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home >> global news >> global visionaries >> Me and My Shadow: The Aftermath of the Lebanon War

Me and My Shadow: The Aftermath of the Lebanon War
October 11, 2006

by Palden Jenkins print version
print version (graphics)
Lesson One: War Is Never the Solution

In the relative quiet following the recent war in Lebanon and Palestine, a potent fermentation is bubbling up. In the war we saw an orgy of accusation and projection, in which inaccuracies, judgements and propaganda noise fatally obscured the picture.

In the shock following the war, all parties'  ringing ears are giving to way restored hearing. Attention is curving back like a boomerang on all contributors to this devastation. We're back to Bertrand Russell's truism that war isn't about what is right, it's about what is left.

It was all too much, disproportionate, mad -- the sledgehammer was far too big, and the nut could have been cracked by other means. The message was 'there is no other way', but there is another way. Problems existed, and now there are new ones. But this, this was the stuff of nightmares, of personal dramas fatefully dumped onto others.

Why do we project our fears, ambitions and nightmares on others? To avoid looking at our own sludge-heaps of unprocessed anxieties and unresolved questions. For the future, one message has emerged: this cannot go on -- it leads not to resolution but to deepening consequences.

So, Israelis are now distraught over the failure of their military prowess. Their horrors, usually outwardly projected, are increasingly internalised, aimed at their political and military top brass but exposing a deep, dark, heaving morass underneath. Hezbollah can claim a kind of victory, and Nasrallah has said they had not anticipated such a strong Israeli response to its capturing of two soldiers -- this might be sincere but it excuses nothing and exposes a confusion of sense and priorities.

The people of Lebanon, cruelly reminded of the shadow of their 1980s civil war, are under extreme strain, their patience and perseverance sorely tested. Palestine faces collapse, contemplating yet also doubting the value of resorting to its repeated strategy of inviting punishment on itself in the hope of attracting the world's support.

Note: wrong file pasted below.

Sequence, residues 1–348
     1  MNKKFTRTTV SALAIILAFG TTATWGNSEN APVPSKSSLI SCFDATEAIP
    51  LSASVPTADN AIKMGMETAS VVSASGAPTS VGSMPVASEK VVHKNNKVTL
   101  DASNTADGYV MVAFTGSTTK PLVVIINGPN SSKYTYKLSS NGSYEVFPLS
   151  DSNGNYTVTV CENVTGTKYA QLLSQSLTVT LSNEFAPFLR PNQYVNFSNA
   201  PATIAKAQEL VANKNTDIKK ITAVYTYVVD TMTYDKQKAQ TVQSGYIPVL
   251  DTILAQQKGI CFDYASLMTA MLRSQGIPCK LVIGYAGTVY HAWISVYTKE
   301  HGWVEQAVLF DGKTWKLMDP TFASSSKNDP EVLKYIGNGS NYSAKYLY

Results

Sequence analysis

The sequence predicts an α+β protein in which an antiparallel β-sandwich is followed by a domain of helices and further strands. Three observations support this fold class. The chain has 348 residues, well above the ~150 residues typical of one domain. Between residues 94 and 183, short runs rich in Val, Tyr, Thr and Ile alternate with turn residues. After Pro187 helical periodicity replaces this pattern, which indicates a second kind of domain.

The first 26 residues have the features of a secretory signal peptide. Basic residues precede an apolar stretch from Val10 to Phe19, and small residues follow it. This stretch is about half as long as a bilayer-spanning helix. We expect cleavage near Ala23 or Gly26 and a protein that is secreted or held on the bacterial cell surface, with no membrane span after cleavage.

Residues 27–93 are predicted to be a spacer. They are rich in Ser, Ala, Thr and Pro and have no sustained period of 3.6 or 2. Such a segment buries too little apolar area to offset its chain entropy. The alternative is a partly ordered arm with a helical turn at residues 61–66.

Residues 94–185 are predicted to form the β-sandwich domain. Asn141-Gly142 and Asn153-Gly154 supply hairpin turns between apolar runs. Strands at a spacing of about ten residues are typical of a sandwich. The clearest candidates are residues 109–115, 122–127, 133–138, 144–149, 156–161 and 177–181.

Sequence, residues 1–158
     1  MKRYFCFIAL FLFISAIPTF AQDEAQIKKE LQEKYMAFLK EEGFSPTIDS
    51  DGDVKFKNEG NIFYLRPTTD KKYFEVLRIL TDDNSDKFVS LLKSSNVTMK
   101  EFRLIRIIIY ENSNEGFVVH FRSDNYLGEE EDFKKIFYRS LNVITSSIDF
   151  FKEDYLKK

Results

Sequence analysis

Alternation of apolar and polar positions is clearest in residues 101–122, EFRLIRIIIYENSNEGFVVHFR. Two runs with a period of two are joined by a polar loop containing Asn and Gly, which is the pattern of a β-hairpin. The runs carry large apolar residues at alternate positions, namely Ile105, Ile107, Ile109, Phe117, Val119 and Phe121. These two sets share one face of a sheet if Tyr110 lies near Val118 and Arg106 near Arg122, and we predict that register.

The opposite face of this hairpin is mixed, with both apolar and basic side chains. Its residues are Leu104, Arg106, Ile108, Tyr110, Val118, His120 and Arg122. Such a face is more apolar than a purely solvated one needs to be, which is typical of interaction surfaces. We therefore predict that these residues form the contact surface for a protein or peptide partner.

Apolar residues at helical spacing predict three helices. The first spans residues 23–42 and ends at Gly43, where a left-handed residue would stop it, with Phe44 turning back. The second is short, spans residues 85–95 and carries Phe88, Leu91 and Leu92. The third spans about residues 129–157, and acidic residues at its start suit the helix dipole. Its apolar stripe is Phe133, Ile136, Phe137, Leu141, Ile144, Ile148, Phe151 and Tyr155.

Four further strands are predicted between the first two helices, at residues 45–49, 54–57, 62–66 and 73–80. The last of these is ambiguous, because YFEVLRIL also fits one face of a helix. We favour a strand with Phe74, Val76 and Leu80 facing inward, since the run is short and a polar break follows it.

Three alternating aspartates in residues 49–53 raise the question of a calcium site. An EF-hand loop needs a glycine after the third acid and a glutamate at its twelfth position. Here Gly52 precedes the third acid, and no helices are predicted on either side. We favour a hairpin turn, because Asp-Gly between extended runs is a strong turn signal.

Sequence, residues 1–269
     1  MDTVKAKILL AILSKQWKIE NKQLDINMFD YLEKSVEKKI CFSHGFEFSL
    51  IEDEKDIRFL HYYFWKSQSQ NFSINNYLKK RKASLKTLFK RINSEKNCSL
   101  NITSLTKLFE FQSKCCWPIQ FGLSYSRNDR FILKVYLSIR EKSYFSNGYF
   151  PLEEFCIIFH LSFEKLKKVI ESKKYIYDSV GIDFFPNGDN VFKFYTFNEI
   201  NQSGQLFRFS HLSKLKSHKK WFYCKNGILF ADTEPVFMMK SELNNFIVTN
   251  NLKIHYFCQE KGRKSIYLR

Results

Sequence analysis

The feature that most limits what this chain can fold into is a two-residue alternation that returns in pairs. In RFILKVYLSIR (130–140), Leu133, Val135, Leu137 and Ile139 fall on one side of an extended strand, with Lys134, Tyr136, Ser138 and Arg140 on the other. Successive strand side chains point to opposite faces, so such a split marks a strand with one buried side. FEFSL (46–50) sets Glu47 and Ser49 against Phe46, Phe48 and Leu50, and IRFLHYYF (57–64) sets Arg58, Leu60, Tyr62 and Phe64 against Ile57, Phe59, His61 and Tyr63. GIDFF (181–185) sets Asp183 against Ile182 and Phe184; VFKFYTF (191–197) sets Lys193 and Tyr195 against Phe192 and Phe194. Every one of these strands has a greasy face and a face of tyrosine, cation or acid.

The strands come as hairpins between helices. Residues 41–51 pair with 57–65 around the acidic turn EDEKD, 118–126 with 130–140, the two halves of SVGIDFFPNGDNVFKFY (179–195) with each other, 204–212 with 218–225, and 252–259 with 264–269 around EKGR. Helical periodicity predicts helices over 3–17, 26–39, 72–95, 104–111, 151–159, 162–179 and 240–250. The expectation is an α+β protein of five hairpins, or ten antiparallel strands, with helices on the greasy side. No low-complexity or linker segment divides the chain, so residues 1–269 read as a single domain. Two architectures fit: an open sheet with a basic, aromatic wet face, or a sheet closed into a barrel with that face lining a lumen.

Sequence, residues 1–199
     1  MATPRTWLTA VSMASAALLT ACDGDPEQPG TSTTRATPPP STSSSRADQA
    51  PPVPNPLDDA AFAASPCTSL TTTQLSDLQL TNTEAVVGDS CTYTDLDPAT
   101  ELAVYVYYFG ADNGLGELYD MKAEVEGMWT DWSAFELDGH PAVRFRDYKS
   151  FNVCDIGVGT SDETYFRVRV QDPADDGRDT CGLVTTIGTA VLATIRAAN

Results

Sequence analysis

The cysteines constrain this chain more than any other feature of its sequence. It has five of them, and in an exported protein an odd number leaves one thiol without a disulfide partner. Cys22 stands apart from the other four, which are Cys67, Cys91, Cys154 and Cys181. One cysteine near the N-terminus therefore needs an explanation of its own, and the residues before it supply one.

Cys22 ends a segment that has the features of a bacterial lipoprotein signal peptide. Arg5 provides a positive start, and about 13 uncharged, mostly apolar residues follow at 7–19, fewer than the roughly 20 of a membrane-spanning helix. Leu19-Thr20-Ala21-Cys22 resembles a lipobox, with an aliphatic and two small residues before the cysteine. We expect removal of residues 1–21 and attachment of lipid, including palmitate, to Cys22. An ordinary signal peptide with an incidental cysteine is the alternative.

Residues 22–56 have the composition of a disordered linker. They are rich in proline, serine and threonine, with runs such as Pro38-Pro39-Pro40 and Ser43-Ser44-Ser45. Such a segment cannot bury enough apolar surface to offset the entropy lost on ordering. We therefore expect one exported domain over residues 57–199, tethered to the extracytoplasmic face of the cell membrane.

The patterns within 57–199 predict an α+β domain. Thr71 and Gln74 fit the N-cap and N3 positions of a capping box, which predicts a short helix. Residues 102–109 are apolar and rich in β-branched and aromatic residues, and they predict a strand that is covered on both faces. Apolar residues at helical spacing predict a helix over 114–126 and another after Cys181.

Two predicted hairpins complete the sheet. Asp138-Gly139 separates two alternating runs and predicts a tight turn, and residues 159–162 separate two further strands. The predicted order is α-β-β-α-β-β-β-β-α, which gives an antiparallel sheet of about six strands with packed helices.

USA faces hiatus, having again proven the futility of its ill-considered geostrategic impositions on other countries. Europe faces its sitting-on-hands tendency, trying to be the Good Samaritan while exposing itself as the one who passed by on the other side. Middle Eastern countries utter mixed messages, trying not to invoke the wrath of Israel and USA but possibly as guilty as the West of double standards. Iran puffs up its chest, worthy of greater respect than it gets but not as much as it believes it deserves.

What a mess. Will everyone learn and come clean? Or will this all be stuffed down yet again for another day? Are we heading for further conflict, or have we had sufficient lessons by now? This all depends on the extent to which all these parties, and the international community, are willing to lift the carpet and look underneath at their own dust and demons hiding there.

Here come some awkward truths. They illustrate how the war's consequences are greater than anyone would like them to be. We'll start with my own country.

Britain sits on a time-bomb. It thinks it's bigger than it is and that its wealth and comfort will go on forever. Its armed forces are tainted by Iraq, it stays dreadfully quiet about its enormous weapons industry, it has an affluence it doesn't know what to do with, and a profound lack of direction. Most of its European partners suffer a similarly hollow comfort, stability and quiet hypocrisy which they maintain at great cost, for want of anything better to do.

Europeans have relatively fine and humane values, and genuinely get upset at seeing Lebanese bombed to bits, but our attachment to our comfortable status quo makes us seek change as long as nothing really changes. This will one day tip over and cause a landslide. Everyone quietly knows it, hoping it won't be soon, affecting our pensions and property values.

USA has had its time and passed its peak. It has developed enormous armed might and indebted, leveraged prosperity to protect its status, but these make it vulnerable too -- it's Chairman Mao's classic 'paper tiger'. When Ayatollah Khomeini called it the 'Great Satan', Americans gave it a Christian interpretation (Satan as the Evil One) when the Muslim Satan that Khomeini referred to is a Great Deluder -- a master of appearances and falsities. Addicted to an increasingly obsolete, oil-dependent technology, it resorts to superpower dominance to keep that oil flow guaranteed, against growing odds.

This is selfish and short-sighted, but there is a more genuine fear here too. The international community, such as it is, has not pulled together to make the necessary global decisions we're faced with today, so America feels obliged to lead, as if to save the world from itself. The problem is that this leadership tilts at windmills, over-fills its belly, favours false friends and tries to prove its point by creating diversionary crises like the 'war against terror', insisting it knows what to do. It doesn't. America is struggling to stay up.

The international community reluctantly plays along with USA while bluffing, furtively heading in other directions and hoping America won't notice. So busy is USA with its own movie-script that it hardly does notice. This co-dependent avoidance is gutless, though there's some wisdom to it: first, individual countries don't want to be singled out by America as the enemy and, second, the world fears plunging into a heated community-building and global squaring-up process which would be inevitable in the absence of superpower domination.